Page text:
Naysayers: How to handle negative influences in our life

Now, hang on, before you all lynch me for addressing what you might think is an obvious answer, there are plenty of reasons “Just cutting them out” isn’t the easiest option, or even viable.

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I always worry that I won’t have enough things to talk about here, but topics seem to not only drop into my lap – they actually contribute to a unifying theme over a few days, giving me ample time and ammunition to construct a pretty cohesive post: as well as allowing me the time for my pertinent perspective to congeal quite nicely.

That said, I had a conversation with a wonderful new friend yesterday on this very topic, then this morning had a relevant online chat with someone who’d fall quite nicely into the “naysayer” category… So since I’ve had a couple days to think about this, let’s define where we stand.

For me, a naysayer is, at their core, someone who dwells in the negative during any interaction I have with them. This allows room for those who either cannot stop thinking about how dissatisfied they are with their own lives, but also those who feel the need to judge me on how I lead mine. Don’t get me wrong, friends who are blunt with me and expose me to see some of my own “less than desirable” habits or behaviors are immensely helpful: as long as their perspective and advice comes from a trusted and loving place! Instead I refer to those who only speak ill, as if their way of seeing a situation is the only way that’s acceptable.

You’re going to laugh now, because the advice is, obviously, simple. You need to reduce or eliminate these interactions, and how you choose to do so is where the intricacies lie.

So if they’re an acquaintance and there’s no “love lost” between you, telling them to get bent or get stuffed (choose whatever colloquialism matches your country of origin or abode) is short and simple. Depending on how you interact, you can end your relationship in one of two ways. If you only chat in the virtual sphere, either ignoring their messages or blocking them from your lists is a great non-confrontational technique. This is similar to receiving unwanted advances from someone on a dating website: ignoring/not replying to a message has the same effect as responding to them telling them you aren’t interested, while sidestepping your actual reasoning.. It lets them form their own reason, versus you having to uncomfortably tell them that you aren’t attracted to them, or something they might find equally insulting. Skipping that whole interaction is often easiest, especially if you haven’t studied conflict resolution.. Inevitably if you give your real reasoning, a counter message will follow. Be prepared!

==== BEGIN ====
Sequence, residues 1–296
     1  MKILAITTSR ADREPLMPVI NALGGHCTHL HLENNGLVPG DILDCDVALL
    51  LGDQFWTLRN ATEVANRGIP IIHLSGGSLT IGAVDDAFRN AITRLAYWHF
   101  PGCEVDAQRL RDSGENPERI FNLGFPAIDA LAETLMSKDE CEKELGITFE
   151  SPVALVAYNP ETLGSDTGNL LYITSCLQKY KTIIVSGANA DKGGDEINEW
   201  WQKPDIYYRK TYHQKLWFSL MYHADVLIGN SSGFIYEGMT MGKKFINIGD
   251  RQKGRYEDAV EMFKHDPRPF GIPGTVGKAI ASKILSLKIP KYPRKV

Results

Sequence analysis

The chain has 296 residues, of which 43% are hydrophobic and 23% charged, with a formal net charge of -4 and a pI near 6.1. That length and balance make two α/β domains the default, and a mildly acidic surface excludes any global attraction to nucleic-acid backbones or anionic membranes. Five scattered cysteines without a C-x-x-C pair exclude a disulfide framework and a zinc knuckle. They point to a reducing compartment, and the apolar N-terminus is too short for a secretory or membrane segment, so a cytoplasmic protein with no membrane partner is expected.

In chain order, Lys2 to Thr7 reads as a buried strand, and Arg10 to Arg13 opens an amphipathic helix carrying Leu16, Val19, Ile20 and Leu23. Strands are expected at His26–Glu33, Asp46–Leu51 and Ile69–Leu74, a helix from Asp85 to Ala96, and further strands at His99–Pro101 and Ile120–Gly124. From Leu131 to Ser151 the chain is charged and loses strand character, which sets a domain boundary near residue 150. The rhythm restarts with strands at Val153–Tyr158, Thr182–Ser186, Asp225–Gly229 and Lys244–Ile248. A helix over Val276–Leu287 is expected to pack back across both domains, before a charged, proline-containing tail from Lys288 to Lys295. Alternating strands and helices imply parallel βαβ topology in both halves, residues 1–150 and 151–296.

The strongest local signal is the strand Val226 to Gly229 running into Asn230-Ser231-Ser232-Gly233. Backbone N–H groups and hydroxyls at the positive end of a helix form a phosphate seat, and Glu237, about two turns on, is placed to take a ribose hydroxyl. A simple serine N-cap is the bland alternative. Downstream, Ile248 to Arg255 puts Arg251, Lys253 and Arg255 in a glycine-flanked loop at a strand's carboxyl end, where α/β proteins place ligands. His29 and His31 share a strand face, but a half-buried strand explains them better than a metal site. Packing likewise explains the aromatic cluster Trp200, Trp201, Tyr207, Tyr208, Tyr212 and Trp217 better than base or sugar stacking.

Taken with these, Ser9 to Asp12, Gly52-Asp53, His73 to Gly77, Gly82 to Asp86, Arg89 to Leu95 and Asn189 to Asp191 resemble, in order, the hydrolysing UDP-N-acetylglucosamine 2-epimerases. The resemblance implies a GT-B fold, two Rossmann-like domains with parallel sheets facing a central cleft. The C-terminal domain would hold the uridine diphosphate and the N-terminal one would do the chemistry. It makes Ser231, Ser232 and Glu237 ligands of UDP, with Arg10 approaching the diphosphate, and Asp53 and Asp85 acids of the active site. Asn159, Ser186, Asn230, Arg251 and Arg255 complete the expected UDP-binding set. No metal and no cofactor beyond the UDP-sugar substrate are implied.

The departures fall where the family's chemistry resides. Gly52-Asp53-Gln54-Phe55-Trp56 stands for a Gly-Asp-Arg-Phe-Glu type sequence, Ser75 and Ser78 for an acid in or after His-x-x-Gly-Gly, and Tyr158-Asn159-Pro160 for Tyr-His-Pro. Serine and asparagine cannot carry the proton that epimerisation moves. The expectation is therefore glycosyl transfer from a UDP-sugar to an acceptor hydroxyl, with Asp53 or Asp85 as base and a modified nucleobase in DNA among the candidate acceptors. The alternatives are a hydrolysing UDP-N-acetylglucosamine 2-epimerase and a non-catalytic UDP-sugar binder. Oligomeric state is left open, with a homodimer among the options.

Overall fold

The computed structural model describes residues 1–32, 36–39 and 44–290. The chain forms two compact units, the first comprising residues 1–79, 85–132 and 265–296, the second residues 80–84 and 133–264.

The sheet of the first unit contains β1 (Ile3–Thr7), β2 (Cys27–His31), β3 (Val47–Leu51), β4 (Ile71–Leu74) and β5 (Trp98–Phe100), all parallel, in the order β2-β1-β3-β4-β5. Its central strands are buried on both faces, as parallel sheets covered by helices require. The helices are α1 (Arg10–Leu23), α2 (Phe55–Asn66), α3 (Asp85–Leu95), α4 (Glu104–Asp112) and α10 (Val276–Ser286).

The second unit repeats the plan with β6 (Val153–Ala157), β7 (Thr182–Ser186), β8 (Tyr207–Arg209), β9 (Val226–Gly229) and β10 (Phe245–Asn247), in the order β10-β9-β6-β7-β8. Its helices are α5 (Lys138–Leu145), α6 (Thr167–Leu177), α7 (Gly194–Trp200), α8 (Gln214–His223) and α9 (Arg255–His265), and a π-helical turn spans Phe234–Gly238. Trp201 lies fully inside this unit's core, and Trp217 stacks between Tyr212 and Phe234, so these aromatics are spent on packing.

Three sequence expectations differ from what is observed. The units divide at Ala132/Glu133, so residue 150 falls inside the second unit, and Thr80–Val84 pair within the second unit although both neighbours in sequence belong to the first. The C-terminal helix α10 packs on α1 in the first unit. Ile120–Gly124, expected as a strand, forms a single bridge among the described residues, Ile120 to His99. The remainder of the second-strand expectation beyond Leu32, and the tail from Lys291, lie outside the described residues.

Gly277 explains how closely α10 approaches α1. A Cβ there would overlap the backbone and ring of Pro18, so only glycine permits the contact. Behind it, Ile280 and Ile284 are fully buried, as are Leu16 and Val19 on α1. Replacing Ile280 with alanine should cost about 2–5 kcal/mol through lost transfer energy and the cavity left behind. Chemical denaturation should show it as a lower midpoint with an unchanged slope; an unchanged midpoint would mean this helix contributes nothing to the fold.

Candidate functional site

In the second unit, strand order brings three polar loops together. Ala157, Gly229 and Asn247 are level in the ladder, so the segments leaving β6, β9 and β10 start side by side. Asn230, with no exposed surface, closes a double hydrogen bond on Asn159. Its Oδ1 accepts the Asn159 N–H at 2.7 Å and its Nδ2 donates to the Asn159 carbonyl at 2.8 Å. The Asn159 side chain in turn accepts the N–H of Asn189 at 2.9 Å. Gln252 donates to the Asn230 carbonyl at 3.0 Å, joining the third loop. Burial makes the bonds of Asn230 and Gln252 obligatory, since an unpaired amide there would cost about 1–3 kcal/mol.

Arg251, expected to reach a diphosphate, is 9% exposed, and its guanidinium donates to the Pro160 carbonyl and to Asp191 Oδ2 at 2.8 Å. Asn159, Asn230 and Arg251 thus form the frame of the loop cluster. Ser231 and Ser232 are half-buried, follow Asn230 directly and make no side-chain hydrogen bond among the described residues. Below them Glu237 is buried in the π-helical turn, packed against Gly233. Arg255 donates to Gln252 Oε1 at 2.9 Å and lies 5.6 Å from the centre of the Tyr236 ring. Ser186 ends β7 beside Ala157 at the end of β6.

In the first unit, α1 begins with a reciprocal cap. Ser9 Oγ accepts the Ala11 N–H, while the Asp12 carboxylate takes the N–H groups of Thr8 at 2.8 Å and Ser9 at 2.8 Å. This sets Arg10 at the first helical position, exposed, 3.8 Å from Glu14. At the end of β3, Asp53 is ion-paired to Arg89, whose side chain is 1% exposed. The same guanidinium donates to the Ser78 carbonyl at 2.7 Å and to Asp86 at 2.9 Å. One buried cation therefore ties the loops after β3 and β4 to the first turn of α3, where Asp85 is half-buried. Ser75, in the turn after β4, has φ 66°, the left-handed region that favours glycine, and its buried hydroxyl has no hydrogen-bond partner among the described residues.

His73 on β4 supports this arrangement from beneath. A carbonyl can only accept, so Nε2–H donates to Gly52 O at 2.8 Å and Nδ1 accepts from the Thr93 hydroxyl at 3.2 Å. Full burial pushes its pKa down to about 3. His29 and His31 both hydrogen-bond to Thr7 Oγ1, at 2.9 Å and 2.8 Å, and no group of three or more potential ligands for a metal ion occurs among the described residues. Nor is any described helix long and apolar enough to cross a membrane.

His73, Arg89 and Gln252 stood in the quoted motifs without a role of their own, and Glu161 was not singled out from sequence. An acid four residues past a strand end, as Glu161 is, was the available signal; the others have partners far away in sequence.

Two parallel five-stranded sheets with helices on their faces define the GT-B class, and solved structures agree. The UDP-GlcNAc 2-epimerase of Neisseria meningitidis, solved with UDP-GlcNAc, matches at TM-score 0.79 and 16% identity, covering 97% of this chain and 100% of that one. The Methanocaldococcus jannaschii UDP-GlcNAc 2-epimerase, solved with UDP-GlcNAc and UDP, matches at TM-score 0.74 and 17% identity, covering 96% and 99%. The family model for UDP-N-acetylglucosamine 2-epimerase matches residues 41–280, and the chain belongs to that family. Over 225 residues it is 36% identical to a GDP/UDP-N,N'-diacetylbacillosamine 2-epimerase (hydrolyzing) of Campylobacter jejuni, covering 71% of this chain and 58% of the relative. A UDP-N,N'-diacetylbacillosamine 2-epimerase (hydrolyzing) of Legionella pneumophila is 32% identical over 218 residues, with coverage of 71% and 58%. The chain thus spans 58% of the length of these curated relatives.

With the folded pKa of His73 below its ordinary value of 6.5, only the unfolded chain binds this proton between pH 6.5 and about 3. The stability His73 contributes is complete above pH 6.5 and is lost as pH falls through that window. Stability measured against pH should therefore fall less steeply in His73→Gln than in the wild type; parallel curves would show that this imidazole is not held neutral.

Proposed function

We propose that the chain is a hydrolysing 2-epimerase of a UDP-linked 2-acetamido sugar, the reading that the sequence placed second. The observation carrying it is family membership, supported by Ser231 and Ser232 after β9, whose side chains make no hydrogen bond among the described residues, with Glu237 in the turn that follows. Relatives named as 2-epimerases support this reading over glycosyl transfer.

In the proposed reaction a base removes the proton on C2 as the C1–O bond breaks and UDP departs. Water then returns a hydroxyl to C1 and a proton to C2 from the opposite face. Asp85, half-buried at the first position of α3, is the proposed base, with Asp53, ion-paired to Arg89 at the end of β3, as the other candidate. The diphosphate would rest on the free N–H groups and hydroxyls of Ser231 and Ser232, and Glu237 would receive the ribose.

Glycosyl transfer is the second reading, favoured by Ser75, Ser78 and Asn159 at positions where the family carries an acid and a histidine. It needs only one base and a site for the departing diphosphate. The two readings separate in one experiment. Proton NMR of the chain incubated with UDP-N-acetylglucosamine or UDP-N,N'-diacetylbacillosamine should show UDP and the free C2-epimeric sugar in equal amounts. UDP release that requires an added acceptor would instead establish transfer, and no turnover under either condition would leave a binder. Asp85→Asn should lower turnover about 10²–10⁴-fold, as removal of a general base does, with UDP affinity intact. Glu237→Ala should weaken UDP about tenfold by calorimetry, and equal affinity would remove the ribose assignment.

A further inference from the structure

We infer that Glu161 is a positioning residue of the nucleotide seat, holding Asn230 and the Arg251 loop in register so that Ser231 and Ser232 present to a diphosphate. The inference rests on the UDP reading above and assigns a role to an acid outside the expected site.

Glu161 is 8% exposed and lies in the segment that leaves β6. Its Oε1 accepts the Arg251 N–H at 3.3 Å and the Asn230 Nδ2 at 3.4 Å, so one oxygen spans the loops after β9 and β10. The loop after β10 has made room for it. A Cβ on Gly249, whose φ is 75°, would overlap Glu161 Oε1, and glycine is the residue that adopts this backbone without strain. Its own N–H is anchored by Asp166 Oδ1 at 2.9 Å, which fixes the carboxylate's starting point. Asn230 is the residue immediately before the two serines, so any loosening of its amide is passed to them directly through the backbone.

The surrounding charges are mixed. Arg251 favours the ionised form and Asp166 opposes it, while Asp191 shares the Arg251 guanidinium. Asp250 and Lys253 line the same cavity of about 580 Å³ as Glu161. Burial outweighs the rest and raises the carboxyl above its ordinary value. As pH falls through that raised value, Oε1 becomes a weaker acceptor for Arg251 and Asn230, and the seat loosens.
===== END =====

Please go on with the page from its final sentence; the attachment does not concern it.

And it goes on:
What if they are a close friend, or a family member? The former can be treated as above, but with an even softer, cuddlier variant of kid gloves. If it’s family, and breaking all ties is (usually) not an option, honesty of some variety is the only recourse if you want to change the dynamic. I’ll link the “Aikido in Everyday Life” book again here, please ignore the poor Google reviews: while some of the situations and names used as examples show the age of this “manual”, the techniques are not only still sound, but incredibly efficient in their effectiveness. Basically, knowing how to present your feelings and standpoint on how the other person makes you feel doesn’t have to be communicated in a way where there’s a clear “winner” and “loser” in each conversation. The book does a far better way of describing these techniques than I do, and I won’t try to do them any justice in replicating them here. Even if this particular post doesn’t apply to you, the book is still a wonderful read for anyone who deals with potential verbal conflict in their lives. Aka, everyone!

In my situation, as far as the old friend I chatted with this morning, it was far easier to just choose to cease initiating or responding to attempts at conversations. Not that it’s easy – in fact, it’s a little painful, but it’s less hurtful to both parties with this particular flavor of history that I’d rather not dredge up or revisit that time in my life: I’ve made such vehement, severe efforts to leave it far behind and move on, whereas that circle that I have extricated myself from (in my perspective) hasn’t grown in the direction that has become pillars supporting the strongest core principles in my life. I won’t say that I haven’t tried to make our tentative friendship work over the last few tumultuous years, but each time we conversed, old behaviors surfaced on both sides, perhaps out of previous paradigms of comfort. Once we’d part ways, I’d head home and “stinkin’ thinkin’ ” would pervade my mental headspace, often for days, as I’d try to process and eliminate these previous past thoughts from my thoughts. No more. It’s far healthier for me to move on alone in this situation, and only wish the best for this old friend.. I wish him well and hope that he’s able to wade through the waters to the comfort of personal resolution on his own.

Video discussion below:

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